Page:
Back in the 1980s, when I still had in-laws working a family farm out on the eastern plains, I used to head out to visit them on U.S. 36 and pause, like many drivers did, at a wide spot in the road called Last Chance. It was a place for gas and chips and a soft-serve and maybe a bed if you were a bug-eyed trucker, a place to stretch and refresh on the long haul to the dwindling amenities of the places ahead -- hardscrabble farming centers with names like Cope, Joes and Kirk.
A place to stop for a moment and take stock, gaping at the sprawling blue sky and the endless procession of fleecy, swift-moving clouds bumping against the undulations of the high plains, a spectacle celebrated in the collected works of Kent Haruf.
The in-laws are gone now. The land endures. And so, just barely, does Last Chance, despite the ravages of time and last month's devastating prairie fire.
Years of diminishing business closed down the Dairy King, the motel, and some other businesses at this crossroads settlement. On June 25, sparks from a blowout on the road just about finished the job. The parched grasses on either side went up like -- well, straw. Within a few hours, the blaze stretched across miles, devouring pastures and cornfields and a sizable ledger of properties, shuttered or not, in town.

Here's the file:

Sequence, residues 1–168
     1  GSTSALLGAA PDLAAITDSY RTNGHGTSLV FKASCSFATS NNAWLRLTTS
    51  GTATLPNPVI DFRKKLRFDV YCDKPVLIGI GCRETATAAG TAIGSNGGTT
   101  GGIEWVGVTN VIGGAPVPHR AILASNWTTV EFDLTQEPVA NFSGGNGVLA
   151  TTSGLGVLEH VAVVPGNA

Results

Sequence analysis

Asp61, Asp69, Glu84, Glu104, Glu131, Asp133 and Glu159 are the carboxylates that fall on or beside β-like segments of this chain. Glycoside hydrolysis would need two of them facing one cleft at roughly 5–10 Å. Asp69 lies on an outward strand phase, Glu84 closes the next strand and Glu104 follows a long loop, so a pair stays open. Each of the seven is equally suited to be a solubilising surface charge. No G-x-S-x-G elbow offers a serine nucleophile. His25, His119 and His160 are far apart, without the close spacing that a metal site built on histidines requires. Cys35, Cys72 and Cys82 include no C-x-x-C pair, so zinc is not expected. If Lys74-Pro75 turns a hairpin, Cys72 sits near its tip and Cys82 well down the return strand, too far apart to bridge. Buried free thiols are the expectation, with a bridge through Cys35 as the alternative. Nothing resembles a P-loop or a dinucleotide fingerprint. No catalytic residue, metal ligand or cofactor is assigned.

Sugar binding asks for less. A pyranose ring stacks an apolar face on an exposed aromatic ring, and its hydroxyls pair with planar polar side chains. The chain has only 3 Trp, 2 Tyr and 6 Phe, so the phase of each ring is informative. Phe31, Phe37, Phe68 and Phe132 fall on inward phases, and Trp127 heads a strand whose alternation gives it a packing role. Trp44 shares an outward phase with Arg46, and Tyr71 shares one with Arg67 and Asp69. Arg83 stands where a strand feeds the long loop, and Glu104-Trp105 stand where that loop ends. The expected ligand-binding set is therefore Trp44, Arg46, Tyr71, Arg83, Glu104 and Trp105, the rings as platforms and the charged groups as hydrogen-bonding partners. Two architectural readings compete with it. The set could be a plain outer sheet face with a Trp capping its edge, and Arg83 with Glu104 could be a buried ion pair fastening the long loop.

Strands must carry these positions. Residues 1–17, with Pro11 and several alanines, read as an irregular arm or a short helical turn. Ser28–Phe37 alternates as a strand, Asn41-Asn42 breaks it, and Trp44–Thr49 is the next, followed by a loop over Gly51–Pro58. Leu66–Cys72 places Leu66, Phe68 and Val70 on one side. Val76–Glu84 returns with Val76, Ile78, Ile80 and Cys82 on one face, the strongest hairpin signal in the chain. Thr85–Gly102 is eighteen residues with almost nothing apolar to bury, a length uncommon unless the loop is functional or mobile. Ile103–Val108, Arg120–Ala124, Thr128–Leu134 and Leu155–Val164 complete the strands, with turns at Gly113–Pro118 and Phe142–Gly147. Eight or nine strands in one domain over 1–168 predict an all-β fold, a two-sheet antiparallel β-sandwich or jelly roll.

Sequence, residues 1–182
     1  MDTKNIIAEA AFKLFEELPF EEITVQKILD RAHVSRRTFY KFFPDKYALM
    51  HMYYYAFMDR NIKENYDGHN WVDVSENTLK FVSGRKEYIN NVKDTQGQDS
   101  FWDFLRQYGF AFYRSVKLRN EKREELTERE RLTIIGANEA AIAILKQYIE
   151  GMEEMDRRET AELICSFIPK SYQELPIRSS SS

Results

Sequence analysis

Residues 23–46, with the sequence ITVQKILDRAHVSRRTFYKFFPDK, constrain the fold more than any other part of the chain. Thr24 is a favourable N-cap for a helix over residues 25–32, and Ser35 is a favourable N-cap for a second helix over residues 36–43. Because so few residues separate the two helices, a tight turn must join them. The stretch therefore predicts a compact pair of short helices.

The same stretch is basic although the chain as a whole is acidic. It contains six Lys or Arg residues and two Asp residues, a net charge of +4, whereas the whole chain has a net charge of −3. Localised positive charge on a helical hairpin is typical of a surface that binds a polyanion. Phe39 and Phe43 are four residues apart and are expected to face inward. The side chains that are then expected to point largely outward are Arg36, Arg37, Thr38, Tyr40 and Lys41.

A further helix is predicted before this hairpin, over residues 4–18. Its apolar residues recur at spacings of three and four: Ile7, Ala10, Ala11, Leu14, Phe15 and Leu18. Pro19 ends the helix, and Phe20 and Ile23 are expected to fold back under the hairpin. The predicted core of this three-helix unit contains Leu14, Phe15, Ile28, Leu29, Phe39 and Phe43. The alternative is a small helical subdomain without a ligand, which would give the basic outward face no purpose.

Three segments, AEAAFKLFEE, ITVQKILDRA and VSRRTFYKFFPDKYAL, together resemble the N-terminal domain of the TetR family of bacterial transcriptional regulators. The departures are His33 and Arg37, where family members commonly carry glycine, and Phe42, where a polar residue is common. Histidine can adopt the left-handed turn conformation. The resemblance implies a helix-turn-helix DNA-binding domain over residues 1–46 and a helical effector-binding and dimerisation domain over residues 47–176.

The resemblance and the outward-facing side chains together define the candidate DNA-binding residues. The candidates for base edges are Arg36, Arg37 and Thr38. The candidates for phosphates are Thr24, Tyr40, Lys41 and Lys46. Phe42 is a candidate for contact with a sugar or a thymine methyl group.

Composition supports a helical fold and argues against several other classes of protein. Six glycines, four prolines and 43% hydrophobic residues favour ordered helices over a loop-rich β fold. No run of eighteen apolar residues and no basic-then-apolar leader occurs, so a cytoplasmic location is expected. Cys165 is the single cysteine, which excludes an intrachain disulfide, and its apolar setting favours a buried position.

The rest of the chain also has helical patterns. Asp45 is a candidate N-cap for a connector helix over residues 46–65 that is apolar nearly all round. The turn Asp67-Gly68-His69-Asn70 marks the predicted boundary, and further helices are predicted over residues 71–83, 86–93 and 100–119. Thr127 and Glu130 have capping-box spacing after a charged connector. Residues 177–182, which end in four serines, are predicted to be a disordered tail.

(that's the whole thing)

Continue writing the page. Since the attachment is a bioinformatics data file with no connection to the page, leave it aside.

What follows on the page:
Local ranchers and fire departments pooled resources and fought like hell. Fortunately, no one died. The 45,0000 acres blackened by the blaze -- one of the largest wildfires in Colorado history, but hardly noticed in the wake of the High Park and Waldo Canyon conflagrations -- have left the southwestern part of Washington County looking like a lunar landscape, void of life. It's eerie and grim and harshly beautiful, all at the same time, a disconcerting combination Nathan Federico's photographs express so eloquently.
But the land endures. And so do the people of Last Chance. Below are photos of Last Chance, shot this week by Nathan Federico for Westword.
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